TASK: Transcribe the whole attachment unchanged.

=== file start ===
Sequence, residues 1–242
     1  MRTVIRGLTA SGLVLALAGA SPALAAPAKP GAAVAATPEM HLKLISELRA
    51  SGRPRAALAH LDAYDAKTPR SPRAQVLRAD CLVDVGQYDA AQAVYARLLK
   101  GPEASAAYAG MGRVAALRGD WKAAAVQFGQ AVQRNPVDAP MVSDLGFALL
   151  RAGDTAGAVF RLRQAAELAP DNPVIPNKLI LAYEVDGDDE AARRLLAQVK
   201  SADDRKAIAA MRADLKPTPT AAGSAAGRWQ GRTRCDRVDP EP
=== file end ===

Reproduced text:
Sequence, residues 1–242
     1  MRTVIRGLTA SGLVLALAGA SPALAAPAKP GAAVAATPEM HLKLISELRA
    51  SGRPRAALAH LDAYDAKTPR SPRAQVLRAD CLVDVGQYDA AQAVYARLLK
   101  GPEASAAYAG MGRVAALRGD WKAAAVQFGQ AVQRNPVDAP MVSDLGFALL
   151  RAGDTAGAVF RLRQAAELAP DNPVIPNKLI LAYEVDGDDE AARRLLAQVK
   201  SADDRKAIAA MRADLKPTPT AAGSAAGRWQ GRTRCDRVDP EP